NASHVILLE, TN — Mary Louise Watson, who along with 11 other families desegregated six all white schools in 1957 Nashville, has died. She was 99 years old.
The Nashville Public Schools desegregation icon passed quietly and without fanfare in her sleep Monday with her daughter, Barbara Jean, by her side. It is the same daughter who was by her side in 1957 when the two, again quietly and without fanfare, bravely walked into Jones Elementary School in North Nashville, desegregating it.
The Watsons were among the 11 of 126 eligible families that would integrate the schools. Despite numerous threats from her own white neighbors – that Barbara Jean would be kidnapped and that the Watson family home would be burned, Mrs. Watson was determined to provide her daughter with the best education possible. “Keep teaching, is the bottom line, you want to keep teaching that this is the better way. Teach people to love and respect everybody, not just some. Love everybody,” was her mantra.
In explaining to a reporter why she took the risk, Mrs. Watson said: “I wanted my children to have a good chance to succeed, the same as everybody else. Segregation never helped nobody. I hope what we did back then has made a little bit of a difference. I am glad I made the effort anyway. While we’ve come a long way since 1957, there is still a lot of work to do.”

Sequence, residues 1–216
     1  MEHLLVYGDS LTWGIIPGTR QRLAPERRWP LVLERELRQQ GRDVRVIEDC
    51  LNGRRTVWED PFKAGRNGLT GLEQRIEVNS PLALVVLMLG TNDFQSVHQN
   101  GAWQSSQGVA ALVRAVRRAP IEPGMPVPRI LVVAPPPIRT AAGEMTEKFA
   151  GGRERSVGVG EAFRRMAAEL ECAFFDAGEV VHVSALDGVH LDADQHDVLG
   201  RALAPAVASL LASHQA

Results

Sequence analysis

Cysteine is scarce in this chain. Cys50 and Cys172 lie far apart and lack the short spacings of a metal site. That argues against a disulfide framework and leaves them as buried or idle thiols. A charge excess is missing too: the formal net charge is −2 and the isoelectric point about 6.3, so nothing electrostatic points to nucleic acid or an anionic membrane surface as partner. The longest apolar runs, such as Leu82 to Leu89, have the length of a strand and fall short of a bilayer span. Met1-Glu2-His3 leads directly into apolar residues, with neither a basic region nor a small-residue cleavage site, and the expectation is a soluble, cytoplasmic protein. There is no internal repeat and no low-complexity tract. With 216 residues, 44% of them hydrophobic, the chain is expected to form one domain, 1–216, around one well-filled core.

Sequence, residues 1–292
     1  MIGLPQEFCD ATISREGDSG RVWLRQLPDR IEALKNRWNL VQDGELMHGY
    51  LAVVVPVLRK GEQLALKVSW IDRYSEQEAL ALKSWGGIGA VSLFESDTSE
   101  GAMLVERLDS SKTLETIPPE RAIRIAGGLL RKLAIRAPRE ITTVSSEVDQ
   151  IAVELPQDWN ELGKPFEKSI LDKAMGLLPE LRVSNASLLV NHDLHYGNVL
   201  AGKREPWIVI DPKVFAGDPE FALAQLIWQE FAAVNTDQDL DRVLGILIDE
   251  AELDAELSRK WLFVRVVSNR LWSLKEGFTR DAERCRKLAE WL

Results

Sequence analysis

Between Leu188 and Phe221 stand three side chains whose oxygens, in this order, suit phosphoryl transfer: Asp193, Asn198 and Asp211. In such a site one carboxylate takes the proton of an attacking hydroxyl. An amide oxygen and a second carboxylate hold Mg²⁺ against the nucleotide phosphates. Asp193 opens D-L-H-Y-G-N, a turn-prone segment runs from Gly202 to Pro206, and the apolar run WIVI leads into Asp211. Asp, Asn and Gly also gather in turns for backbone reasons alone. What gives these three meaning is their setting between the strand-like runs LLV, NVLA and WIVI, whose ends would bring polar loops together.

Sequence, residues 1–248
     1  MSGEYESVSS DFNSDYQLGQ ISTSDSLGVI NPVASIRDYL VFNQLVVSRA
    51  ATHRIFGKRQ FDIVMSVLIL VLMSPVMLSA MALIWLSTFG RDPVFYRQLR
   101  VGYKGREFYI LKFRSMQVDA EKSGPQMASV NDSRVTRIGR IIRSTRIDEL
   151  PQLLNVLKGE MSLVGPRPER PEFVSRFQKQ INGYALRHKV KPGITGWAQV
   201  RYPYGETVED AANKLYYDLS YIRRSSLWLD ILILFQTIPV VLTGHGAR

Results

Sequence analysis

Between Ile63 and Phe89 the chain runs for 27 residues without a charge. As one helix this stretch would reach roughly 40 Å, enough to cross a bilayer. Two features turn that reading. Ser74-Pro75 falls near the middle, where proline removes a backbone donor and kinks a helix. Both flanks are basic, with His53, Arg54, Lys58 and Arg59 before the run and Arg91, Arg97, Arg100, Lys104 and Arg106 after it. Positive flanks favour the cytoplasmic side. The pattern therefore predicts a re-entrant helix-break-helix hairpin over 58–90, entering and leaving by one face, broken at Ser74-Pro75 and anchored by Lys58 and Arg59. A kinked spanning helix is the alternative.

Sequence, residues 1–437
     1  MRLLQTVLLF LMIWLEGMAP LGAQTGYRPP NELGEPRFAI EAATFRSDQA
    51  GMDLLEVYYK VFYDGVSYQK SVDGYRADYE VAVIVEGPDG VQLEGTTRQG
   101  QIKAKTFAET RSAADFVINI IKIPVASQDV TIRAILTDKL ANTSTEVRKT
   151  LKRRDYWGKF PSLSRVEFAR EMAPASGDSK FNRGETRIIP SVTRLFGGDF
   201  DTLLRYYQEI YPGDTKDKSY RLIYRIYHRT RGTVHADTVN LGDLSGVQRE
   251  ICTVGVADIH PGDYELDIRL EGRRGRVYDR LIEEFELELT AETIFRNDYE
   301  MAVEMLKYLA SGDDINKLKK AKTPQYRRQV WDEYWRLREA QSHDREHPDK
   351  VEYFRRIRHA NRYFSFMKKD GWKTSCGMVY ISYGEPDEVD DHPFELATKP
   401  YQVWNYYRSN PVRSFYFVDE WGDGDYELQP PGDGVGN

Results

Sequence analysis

Mrs. Watson’s contributions to Nashville’s Civil Rights Movement were chronicled in 2009 in the late John Egerton’s article called “Walking Into History: The Beginning of School Desegregation in Nashville.” She is also enshrined in the video film “A Child Shall Lead Them,” moderated by the late John Seigenthaler. That video is housed in the Nashville Public Library’s Civil Rights Room. Her many honors include the Prestigious Freedom Sister Award given by the Ford Motor Company in 2010.
Mrs. Watson’s final services, “A Celebration of Life with Friends and Family,” were held on Thursday, December 20, 2018, at the Fourteenth Avenue Missionary Baptist Church, her home church for 61 years.
For More Information Call Gwendolyn Watson at 615-613-7249